Strong Customer Authentication – Considerations for Merchants

By Catherine Tong, Vice President & General Manager, Accertify EMEA September 25, 2018

The deadline for implementation of PSD2 into EU national laws was 13 January 2018. One aspect of PDS2 is SCA whereby a customer needs to authenticate themselves in order to be able to transact. Authentication in itself can cause friction, which is something any merchant is trying to avoid to ensure that they are able to maximise revenues and customer satisfaction on their consumer websites and apps.

As a result of this change, merchants should understand and manage their business to minimise both fraud and the amount of customer friction. The introduction of this new regulation will mean that fraud detection will inevitably need to evolve as the fraudsters find new ways to exploit new loopholes, as well as migrating to areas which have weaker controls and easier purchase routes.

Non-EU issued cards

One important aspect of SCA is that non-EU issuers do not need to comply with this regulation and therefore liability rules for these cards will remain unchanged. From our current customer base at Accertify, we see the below split of fraud, by issuing region, across some of our enterprise EU merchants. Once SCA is fully enforced in the EU, we expect to see fraudsters to target non-EU issued cards. This means that there could be an increase in the proportion of non-EU issued cards making up fraud losses and that number could continue to increase as non-EU cards do not utilise SCA. See Figure 1 below:

Figure 1: Source Accertify

The above chart highlights the ongoing need for merchants to be able to manage their own fraud strategy as non-EU issued cards will continue to be a fraud risk for EU merchants, and in fact are expected to become a bigger problem as fraud migrates to the areas with the weakest barriers to purchase.

Customer whitelisting

Minimising how often SCA is required is a key objective for many merchants. One way to do that is for a merchant to encourage a customer to “whitelist” themselves with their issuer by registering themselves as a trusted beneficiary, so that SCA is not invoked each time they come to pay. However, if fraud is later found on a transaction, the merchant may become liable, so fraud screening tools are still required to mitigate this risk.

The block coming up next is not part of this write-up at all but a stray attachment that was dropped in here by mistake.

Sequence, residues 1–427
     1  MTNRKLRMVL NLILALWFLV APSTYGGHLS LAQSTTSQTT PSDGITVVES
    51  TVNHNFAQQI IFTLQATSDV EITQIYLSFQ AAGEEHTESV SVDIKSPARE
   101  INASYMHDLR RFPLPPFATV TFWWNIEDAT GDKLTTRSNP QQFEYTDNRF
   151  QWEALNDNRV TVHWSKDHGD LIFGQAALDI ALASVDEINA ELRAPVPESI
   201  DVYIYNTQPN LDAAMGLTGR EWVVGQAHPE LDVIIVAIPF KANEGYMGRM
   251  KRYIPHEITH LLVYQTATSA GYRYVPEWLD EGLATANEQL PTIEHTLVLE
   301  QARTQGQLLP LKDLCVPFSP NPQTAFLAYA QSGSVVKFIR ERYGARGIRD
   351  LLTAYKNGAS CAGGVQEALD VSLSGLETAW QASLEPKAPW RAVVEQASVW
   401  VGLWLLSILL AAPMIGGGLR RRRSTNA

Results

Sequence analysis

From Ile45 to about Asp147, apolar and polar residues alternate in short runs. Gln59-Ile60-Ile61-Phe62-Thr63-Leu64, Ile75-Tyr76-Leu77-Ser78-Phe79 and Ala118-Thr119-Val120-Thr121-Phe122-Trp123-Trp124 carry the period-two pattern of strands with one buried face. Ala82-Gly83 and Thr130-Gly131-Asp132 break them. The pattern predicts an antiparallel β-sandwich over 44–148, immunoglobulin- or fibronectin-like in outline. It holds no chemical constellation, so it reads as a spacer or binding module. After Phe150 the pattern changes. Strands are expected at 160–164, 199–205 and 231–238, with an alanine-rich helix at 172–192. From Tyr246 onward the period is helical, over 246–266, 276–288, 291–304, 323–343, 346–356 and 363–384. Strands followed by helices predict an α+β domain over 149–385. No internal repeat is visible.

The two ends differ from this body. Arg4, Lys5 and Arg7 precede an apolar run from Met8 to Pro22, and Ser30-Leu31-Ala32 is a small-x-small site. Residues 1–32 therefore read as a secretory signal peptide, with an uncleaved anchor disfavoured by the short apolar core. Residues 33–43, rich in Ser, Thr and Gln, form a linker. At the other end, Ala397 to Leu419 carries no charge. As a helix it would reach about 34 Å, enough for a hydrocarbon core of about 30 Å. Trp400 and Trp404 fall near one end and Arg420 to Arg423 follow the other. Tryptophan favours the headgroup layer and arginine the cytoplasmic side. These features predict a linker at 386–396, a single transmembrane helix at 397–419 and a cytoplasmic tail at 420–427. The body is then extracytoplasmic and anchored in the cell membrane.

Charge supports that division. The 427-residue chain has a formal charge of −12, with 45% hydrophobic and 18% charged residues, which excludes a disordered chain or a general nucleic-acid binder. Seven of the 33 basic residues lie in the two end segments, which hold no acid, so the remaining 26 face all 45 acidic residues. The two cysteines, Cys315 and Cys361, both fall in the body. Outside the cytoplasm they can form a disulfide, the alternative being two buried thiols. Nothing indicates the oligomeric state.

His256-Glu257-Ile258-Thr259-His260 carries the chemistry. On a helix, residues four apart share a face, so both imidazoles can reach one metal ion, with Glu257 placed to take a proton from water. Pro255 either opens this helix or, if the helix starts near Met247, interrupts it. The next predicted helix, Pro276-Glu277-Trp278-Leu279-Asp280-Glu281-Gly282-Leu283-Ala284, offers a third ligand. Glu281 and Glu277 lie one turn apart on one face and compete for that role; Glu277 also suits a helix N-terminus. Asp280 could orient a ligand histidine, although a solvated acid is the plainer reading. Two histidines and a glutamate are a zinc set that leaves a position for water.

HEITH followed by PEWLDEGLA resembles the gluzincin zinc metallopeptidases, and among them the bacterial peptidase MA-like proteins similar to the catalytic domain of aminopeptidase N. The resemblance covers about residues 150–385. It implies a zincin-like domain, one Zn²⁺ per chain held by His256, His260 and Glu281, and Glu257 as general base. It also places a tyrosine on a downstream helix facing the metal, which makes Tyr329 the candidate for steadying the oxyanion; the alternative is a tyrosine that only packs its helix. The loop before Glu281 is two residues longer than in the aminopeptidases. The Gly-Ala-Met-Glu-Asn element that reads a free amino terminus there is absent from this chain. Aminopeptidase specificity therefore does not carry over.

Pre-authorisation fraud screening

Transaction risk analysis (TRA) is another way to exempt a transaction from authentication. Although a merchant cannot apply the TRA exemption themselves, they can conduct risk analysis pre-authorisation to ensure minimal fraud attempts are being passed to the acquirer and issuer. This will help keep overall acquirer and issuer fraud rates low and enable a larger number of transactions to be exempted from SCA. If the overall acquirer and issuer attempted fraud rates are below these thresholds then an increased number of transactions will meet the SCA exemption:

[1]Transaction value (€)

Fraud rate (%)







This exemption in itself is likely to mean that the above fraud rate thresholds will be an influencing factor when determining which acquirers to work with and what alternative payment methods to offer in the future to optimise the level of end-consumer acceptance.

Dispute Management

Where there is suspected fraudulent behaviour, an issuer will still be able to push liability to other entities in the payment process, including a merchant. Coupled with the fact non-EU issued card processes will remain unchanged, this means merchants will still benefit from having an effective dispute and chargeback representment process.

By automating and prioritising disputes received, merchants will be able to continue to optimise their profitability through an effective dispute management process.

In conclusion

Merchants will continue to have a role to play in effective fraud management processes in the future. Ultimately, it is the issuer who will determine whether a transaction needs to step-up for SCA. After all, they are the ones who are required to do so per the regulation and ultimately, will take the liability if fraud is found. That said, the issuers and merchants have the same objective — to ensure as many customers as possible are allowed to transact.

Merchants will still need to understand and manage their fraud risks and they will need to update their fraud strategies to ensure that their processes are agile enough to be able to adapt to the changing fraud patterns which will evolve in the coming months.

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